I come from a large Russian Orthodox family and an even larger community. I spent my childhood wondering what any limits might be. What would that look like, where would the red tape might be, and how I was to grow within them? But I knew from a very early age (8 to be exact), that I wanted to help others. It led me down the road to becoming an Acupuncturist and volunteering with the Acupuncture Relief Project.
At the ARP clinic I initially acted solely through the wonderful interpreters translations. Fresh from school, I now got to apply my knowledge in a wider arena, sometimes feeling like an imposter with the newness of it all, just playing house, waiting for someone to come in and take over. But then it dawns on me that this is it. We are the practitioners here. Yikes! This just got a little too real. A visiting intern native to Nepal whose family is still several hours away shared my feelings of being unsettled in the first weeks. Though her family is reachable, the demands of a busy clinic along with independent research of pathologies and team classes after clinic several times a week can make the feelings of distance seem magnified. This was comforting to hear, and confirmed that the excitement of practicing medicine in a different country to be mixed in with the pangs of physical distance from loved ones and barriers of inner constructs was a rewarding challenge to overcome.
Weeks passed and I found myself seeing past the imagined barrier and started paying attention again to beyond just words being said by the patients. Looking into my patients faces, I struggled less rely only on what my TCM education had instilled and focused what else patients were communicating, and sat with my intention of wanting to do good for others. Many times throughout I thought to myself that I’ve reached my red tape. Then, a patient under my care who was 4 months post stroke and in poor spirits at the time of the initial visit had been coming in for daily treatments now had now reached almost full functions for daily living. He could dress without assistance, able to shave with the help of a friend, and regained the use of his right hand for eating. Eating rice was still challenging but we both felt victorious; we both made through that tape!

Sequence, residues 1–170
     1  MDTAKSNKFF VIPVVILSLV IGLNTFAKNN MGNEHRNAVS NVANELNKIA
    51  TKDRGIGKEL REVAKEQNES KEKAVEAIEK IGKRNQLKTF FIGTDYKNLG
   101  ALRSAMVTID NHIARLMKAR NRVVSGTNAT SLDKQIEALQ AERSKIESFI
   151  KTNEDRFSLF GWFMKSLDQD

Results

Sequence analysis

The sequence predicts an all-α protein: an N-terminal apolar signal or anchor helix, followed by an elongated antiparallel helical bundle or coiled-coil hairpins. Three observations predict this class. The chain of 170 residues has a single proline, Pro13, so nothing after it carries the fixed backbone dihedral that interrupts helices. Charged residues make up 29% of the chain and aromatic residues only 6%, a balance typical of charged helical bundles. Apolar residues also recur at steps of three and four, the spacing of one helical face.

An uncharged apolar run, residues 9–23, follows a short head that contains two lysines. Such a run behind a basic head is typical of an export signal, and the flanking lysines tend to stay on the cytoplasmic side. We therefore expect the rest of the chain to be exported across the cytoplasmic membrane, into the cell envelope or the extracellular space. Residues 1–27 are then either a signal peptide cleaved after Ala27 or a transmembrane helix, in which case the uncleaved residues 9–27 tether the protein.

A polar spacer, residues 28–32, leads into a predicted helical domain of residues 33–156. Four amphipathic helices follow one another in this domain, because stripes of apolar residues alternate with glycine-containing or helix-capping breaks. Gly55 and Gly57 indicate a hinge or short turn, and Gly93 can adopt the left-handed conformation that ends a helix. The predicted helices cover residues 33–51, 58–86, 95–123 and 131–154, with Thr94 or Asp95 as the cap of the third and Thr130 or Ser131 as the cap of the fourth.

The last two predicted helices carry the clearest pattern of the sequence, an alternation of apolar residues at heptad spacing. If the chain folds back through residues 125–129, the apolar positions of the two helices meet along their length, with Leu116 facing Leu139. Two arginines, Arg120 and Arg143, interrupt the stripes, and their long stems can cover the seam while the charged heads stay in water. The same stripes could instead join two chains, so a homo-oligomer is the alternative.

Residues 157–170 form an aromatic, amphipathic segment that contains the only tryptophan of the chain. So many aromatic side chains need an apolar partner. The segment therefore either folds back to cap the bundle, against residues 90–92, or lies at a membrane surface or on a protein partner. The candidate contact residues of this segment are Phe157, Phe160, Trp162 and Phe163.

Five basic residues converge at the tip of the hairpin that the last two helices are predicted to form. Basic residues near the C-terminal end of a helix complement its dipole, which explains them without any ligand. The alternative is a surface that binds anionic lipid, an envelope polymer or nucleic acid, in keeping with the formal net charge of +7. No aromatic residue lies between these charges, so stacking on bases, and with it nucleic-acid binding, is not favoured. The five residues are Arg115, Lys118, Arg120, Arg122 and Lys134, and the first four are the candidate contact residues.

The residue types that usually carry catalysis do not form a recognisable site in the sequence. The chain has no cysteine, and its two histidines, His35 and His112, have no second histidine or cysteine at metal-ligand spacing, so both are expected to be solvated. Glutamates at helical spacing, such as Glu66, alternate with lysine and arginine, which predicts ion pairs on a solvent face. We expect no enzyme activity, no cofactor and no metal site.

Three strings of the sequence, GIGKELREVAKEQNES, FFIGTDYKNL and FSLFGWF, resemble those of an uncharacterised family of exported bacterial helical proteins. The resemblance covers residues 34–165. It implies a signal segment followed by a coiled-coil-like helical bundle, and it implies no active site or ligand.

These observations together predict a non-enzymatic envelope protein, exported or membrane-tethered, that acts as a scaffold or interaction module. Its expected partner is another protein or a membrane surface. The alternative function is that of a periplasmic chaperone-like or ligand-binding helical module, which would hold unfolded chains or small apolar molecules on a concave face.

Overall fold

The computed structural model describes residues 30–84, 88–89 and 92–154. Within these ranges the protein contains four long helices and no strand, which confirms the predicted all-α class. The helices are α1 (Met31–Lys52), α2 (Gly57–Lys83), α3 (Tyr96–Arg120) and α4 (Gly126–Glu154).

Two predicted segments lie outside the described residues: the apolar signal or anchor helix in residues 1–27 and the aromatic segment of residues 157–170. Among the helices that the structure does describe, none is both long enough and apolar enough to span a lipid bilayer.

Another patient who started coming in for pain brought her own barriers. We quickly found out she was mute and I thought, “Hmmm, thought I ran through that red tape…” She was pointing to several places and making expressions of pain, and through a few orthopedic tests and more motions to gauge levels of severity we were able to get a working treatment plan together: gastritis primarily (she had been vomiting and had lost weight from it), shoulder pain secondarily, and knee pain last. Here I felt that giving the care didn’t require knowing her language per se. She and I mutually understood her needs; after a few treatments her gastritis started to resolve, and we moved on to other things on the list. I imagined this process of continually sticking to what I believed where her chief complaints to be like a mysterious mailbox destination; one isn’t always quite sure if the parcel is getting through (much like the reality of people not having mailboxes here, but mail does somehow reach its destination). She and I would wave vigorously hi and bye after subsequent visits, and the unspoken communication that had grown peaked my interest in how one is able to deliver care but not always needing to say verbatim, “I am going to deliver care to you”.